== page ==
Is it possible to protect the environment when many countries require increasing amounts of energy to progress?
In today’s world, where world population, industrial production and economic growth are surging at breakneck pace, energy consumption is expanding and mankind’s insatiable desire for energy, arable land and natural resources are both depleting natural resources and damaging the environment. I believe that economic progress today necessitates mankind’s utilisation of the Earth’s resources and damage of the environment. However, I believe that it is possible to both enjoy economic progress and protect the environment at the same time, especially with advances in alternative energy technology and a greater involvement of the public, government and public firms in the protection of the environment.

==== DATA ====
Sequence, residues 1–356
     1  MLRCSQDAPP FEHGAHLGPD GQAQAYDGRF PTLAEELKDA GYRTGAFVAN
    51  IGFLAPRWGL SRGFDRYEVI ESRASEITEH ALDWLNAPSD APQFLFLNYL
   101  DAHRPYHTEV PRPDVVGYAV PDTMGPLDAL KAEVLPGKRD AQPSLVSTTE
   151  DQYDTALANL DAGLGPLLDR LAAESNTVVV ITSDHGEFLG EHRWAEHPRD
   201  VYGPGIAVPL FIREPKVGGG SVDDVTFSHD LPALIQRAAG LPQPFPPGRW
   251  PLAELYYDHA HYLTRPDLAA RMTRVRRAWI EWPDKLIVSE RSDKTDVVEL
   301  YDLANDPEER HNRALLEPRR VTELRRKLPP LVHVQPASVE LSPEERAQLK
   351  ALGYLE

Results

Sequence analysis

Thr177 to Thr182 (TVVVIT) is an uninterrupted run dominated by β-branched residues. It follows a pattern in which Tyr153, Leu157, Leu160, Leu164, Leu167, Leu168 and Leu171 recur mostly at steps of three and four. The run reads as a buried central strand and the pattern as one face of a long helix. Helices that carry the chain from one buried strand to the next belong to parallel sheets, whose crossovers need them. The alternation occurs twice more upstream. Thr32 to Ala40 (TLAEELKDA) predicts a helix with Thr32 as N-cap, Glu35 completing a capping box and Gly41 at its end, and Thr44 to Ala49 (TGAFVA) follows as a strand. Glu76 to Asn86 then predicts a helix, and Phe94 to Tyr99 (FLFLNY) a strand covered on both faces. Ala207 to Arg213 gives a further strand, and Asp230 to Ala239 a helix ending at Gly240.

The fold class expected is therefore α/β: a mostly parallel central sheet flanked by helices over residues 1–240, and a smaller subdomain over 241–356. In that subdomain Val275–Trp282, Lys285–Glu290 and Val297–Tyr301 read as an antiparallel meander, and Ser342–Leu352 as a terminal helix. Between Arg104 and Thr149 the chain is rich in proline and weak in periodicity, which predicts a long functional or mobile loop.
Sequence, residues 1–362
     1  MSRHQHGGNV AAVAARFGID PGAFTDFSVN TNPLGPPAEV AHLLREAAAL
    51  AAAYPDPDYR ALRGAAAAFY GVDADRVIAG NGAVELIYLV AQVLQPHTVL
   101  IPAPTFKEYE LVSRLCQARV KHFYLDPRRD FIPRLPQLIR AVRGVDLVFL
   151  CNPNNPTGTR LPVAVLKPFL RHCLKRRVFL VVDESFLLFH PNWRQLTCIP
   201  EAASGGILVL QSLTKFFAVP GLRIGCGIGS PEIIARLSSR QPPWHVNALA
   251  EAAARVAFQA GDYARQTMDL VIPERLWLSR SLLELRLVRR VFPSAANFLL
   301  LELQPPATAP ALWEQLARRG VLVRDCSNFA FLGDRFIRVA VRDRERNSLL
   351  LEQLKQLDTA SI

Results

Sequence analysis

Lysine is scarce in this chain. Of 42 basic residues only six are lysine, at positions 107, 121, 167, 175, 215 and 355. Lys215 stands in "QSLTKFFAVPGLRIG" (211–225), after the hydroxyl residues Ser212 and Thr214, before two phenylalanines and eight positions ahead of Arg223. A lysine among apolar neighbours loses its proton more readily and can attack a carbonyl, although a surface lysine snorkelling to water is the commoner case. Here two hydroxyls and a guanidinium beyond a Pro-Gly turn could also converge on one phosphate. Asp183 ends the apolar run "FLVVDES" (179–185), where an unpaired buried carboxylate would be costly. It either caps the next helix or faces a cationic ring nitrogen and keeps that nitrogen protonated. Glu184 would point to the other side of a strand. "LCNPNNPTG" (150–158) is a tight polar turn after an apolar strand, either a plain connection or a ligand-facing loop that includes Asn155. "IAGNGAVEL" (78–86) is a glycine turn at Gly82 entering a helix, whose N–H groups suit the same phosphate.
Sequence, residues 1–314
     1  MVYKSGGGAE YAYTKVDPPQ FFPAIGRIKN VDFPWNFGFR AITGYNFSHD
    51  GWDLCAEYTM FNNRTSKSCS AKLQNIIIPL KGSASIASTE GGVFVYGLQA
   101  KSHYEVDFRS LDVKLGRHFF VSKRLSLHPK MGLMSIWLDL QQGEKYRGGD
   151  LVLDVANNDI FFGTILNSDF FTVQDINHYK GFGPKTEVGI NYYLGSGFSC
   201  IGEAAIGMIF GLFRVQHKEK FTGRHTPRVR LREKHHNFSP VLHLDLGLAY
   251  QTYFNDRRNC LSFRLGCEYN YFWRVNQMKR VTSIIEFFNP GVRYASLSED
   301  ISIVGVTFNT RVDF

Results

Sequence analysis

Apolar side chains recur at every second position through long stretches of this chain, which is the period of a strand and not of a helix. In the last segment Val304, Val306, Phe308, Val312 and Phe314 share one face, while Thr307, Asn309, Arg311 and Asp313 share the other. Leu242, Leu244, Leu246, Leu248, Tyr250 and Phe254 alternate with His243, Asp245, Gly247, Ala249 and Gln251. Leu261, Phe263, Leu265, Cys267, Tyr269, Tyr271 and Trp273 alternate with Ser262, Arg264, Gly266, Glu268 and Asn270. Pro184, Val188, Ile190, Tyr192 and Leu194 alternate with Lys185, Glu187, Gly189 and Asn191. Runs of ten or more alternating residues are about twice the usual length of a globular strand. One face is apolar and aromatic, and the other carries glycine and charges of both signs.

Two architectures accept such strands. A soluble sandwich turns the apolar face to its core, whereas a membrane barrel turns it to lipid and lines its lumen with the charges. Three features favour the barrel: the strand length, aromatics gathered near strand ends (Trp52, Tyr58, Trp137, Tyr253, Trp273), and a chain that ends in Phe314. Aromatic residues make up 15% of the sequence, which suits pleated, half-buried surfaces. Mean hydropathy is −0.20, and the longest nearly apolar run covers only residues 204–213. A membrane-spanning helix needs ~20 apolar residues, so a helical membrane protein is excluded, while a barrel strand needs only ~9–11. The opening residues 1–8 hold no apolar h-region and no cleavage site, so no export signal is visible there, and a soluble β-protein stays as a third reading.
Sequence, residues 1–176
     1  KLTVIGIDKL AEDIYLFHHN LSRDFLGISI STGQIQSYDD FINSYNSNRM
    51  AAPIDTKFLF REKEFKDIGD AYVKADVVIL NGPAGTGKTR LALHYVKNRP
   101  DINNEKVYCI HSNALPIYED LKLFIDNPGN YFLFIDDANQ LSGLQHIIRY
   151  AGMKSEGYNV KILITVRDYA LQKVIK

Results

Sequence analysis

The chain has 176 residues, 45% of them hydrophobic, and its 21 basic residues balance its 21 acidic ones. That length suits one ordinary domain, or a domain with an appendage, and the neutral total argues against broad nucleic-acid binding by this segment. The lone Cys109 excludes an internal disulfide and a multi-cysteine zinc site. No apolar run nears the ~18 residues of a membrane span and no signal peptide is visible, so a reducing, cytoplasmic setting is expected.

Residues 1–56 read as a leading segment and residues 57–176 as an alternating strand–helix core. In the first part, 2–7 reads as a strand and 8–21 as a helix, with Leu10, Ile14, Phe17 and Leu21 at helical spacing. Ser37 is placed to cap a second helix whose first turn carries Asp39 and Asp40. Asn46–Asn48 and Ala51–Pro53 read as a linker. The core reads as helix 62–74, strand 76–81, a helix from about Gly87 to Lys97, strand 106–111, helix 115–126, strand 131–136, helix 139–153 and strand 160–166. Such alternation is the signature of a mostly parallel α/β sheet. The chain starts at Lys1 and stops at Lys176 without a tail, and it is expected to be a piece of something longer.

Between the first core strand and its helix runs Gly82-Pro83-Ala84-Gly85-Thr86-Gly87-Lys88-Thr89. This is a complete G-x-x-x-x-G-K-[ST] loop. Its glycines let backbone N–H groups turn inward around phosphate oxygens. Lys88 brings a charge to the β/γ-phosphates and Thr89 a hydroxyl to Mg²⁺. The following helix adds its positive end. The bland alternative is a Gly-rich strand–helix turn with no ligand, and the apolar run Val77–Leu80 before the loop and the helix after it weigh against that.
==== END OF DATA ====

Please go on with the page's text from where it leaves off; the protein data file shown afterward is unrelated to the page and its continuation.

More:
There is, largely, a false dichotomy between economic progress and protecting the environment. This is because, among other reasons, of the availability of alternative sources of energy – not that of crude oil or coal – which can power industries and drive economic progress while protecting or doing only minimal damage to the environment. Such technology includes nuclear energy, which use does not emit carbon and where by-products can be stored underground without damage to the environment. Other forms of alternative energy also include that of wind and solar energy, where although some might seem prohibitive and capable of providing only small amounts of energy, may actually allow entire towns to be powered if harnessed and distributed efficiently. This is the case of Saint Daid’s, a town in Southern Wales, which successfully leveraged on such technology to reduce its household carbon footprint to almost zero – a testament to how technology can allow an economy to function and progress while protecting the environment at the same time. However, despite the efficacy of such technology, I conceded that alternative energy sources are no panacea for today’s trade-off between progress and the environment as yet and this is why the world still consumes 85 million barrels of dirty-burning crude oil today. This is because alternative energy sources are still, in general, not as cheap as drilling for oil and hence are not widely adopted. However, I believe that in the near future, with today’s pace in the advancement of alternative energy technology and in order to circumvent the predicted disaster of oil running out by 2050, alternative energy will become cheaper and widely used to the point that it drives economic progress while protecting the environment at the same time – a very possible eventual outcome.